Friday, 15 September 2017

Gifts of Infertility Series - #24 – Self-Discovery

It’s been a long time since I wrote a post on this series, not because I’ve struggled to find a topic to write about, but because I wanted to make the most of the last two items in this series, and before now didn't quite feel I could commit to this.

The 24th in my list of the Gifts of Infertility is really a summation of many of the other items. It is one of the biggest gifts of the heartbreak that came from infertility and loss. It is self-discovery, and hasn’t just helped me deal with infertility, but has spread into all aspects of my life.

Self-discovery and personal growth often come out of difficult times. Sure, there are plenty of people who go through difficult times and come out of it just as selfish as they were before, just as some people come out feeling much more afraid, less trusting, and more self-focused than they were before this. But after a long time, I certainly recognise the benefits of the personal growth that resulted from of those difficult years.

Self-discovery does not mean that we have all the answers. I think that self-discovery means that we are more open to the realities of who we are, and can face up to both our talents and our flaws.

I have a lot of flaws. I think I’m aware of most of them, as I admit them to myself even if I won’t always admit them to others – just in case they haven’t noticed (yes, I live in hope). What I’ve learned though is that it doesn’t help me if I berate myself over them. I’ve learned to try to change them if I can, to face them – as I faced my shyness when I left on a student exchange when I was 17 – as issues that need to be dealt with or lived with, rather than to judge myself because of these issues.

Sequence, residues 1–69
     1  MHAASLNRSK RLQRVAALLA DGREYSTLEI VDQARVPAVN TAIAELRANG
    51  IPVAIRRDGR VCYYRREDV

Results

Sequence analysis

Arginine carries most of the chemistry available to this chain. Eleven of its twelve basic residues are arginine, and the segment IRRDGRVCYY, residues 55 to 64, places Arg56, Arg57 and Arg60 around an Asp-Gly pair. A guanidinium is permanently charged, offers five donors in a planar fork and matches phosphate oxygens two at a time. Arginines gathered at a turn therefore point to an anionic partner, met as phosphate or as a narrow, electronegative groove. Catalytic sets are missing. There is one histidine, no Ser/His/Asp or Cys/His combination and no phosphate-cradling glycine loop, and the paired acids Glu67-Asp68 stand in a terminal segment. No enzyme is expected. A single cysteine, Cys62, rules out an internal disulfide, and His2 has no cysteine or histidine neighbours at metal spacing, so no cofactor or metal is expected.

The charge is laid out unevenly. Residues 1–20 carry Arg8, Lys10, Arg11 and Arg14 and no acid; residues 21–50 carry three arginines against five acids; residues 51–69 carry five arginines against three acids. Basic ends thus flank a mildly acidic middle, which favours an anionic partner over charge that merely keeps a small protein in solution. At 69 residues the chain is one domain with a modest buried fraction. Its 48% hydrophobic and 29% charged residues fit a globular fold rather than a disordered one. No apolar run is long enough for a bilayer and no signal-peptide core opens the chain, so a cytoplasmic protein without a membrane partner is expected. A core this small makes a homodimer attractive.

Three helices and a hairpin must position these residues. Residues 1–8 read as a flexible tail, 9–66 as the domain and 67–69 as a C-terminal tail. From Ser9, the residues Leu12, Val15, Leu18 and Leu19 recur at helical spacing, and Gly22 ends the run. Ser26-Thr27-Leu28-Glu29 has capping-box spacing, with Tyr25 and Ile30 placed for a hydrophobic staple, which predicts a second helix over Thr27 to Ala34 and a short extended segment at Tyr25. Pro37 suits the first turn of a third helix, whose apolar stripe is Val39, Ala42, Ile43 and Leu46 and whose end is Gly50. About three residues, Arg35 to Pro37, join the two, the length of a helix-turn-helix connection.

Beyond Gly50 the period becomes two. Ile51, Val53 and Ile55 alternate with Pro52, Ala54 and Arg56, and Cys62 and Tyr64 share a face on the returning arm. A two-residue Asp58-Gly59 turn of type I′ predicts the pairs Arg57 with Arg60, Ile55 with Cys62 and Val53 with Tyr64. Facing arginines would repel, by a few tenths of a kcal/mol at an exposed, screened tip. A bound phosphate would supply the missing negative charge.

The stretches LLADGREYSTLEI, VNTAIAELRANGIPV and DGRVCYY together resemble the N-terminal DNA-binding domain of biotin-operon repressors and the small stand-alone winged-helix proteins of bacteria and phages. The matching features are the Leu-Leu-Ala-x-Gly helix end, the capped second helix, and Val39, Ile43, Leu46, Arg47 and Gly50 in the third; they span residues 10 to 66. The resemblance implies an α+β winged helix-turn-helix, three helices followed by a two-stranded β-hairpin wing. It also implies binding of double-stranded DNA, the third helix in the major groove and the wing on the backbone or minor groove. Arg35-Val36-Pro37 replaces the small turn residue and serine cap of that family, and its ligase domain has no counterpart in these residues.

Self-discovery came to me when I allowed myself to grieve. It came to me when I allowed myself to be vulnerable, to really feel emotions, rather than tamp them down. It came to me when I needed to think about what made me happy, after spending a long time of being very sad. It came to me when I needed to look at what I had, because looking at what I didn’t have wasn’t doing me any good. It came to me when I showed self-compassion, and so could face my flaws without terrible guilt and self-hatred and shame. It came to me when I was as kind to myself as I would be to friends and family, when I stopped beating myself up.

Self-discovery came to me when I saw what worked, and was honest about what didn’t. It came to me when I dropped the judgement, and tried to be productive instead. It came to me when I learned more about others, and that helped me learn more about myself. Self-discovery came to me through hard work and tears. It came to me through love and compassion. It came to me from inside myself, and from learning from other wise women who were walking alongside me and helping me.

Self-discovery is a continuing journey, applicable in all aspects of my life. It is a journey that can still bring disappointment in myself, and could easily be halted by shame. But if I don’t allow the shame to take hold again, if I can commit to the honesty required to get past it, self-discovery can also deliver satisfaction and joy and confidence and growth. The best thing about it is that it can banish a lot of fear, and that results in self-imposed burdens tumble from my shoulders. That freedom has allowed me to embrace the future, whatever it might bring. Self-discovery truly is one of the ongoing gifts of infertility.

1 comment:

  1. "Self-discovery is a continuing journey, applicable in all aspects of my life. It is a journey that can still bring disappointment in myself, and could easily be halted by shame. But if I don’t allow the shame to take hold again, if I can commit to the honesty required to get past it, self-discovery can also deliver satisfaction and joy and confidence and growth"

    This. This was what I struggled with so deeply prior to infertility and during infertility. The difference being that prior to the trauma, I could make excuses to avoid it while being in the trenches required I face it. Like you, I could only really grieve when I was willing to be honest about what was lost. At the time it was intense, especially given all the programing, but it's becoming so much a part of my life that I can't imagine not doing it. Even though there are moments it still is intense and hurts.

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